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< Food Safety Guidance for Stallholders

Food Safety Guidance for Stallholders

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THE RULES OF HYGIENE - How to control hazards

This leaflet (based on a leaflet produced by Suffolk County Council) explains how to meet the food safety laws that apply to you while trading at a Farmers' Market. It covers the basic areas that apply to typical Farmers' Market stalls but it is essential to contact your Local Environmental Health and Trading Standards to obtain further advice on some of the more complicated food safety issues.

Farmers' Markets are the subject of routine checking by Food Safety officers from your local Environmental Health and Trading Standards Department, who may visit you on the day a market is held. In addition, the farm or other premises from which you operate may also be subject to inspection. Certain Councils now operate a 'Stars on the Doors' scheme which gives all premises handing food a score (up to 5 Stars). The number of Stars awarded to your Market is dependent on how all stallholders meet the Food Safety laws. Farmers' Market Managers should introduce an audit of good practice to ensure 3 (good) or 4 (very good) Stars become the norm.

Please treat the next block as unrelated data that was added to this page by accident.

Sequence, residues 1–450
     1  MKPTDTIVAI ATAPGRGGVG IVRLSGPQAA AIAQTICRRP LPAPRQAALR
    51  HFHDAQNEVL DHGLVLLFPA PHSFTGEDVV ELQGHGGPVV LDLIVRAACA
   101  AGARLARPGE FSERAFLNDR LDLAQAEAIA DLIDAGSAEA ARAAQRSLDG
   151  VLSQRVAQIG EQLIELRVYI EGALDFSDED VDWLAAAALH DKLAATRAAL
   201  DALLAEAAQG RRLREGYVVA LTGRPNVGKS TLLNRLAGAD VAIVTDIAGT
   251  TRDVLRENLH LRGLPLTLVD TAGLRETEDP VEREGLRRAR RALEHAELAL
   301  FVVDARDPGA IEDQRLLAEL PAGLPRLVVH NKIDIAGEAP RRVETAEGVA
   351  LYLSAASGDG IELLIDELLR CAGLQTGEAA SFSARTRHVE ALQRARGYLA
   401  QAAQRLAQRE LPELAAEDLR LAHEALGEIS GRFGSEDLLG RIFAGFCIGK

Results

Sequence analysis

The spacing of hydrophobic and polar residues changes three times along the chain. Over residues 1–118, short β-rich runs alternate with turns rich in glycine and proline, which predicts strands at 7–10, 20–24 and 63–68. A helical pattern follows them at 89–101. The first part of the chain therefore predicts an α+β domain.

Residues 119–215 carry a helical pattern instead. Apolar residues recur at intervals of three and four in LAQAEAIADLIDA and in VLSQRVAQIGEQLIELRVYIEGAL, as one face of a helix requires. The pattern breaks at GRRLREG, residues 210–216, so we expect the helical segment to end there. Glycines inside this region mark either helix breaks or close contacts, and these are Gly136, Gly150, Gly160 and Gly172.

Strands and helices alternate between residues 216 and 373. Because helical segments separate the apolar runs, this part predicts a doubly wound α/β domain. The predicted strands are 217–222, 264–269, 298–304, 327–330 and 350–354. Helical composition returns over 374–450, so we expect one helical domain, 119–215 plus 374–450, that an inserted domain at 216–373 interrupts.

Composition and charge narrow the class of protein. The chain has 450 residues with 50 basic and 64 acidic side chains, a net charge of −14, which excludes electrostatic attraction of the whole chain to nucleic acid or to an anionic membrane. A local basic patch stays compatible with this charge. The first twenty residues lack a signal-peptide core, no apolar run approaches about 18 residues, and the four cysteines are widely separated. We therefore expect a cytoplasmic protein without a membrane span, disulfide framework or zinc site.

The law requires you to identify possible hazards to food safety, know which of these is actually important for the type of food that you prepare or sell and to provide suitable controls to stop problems occurring.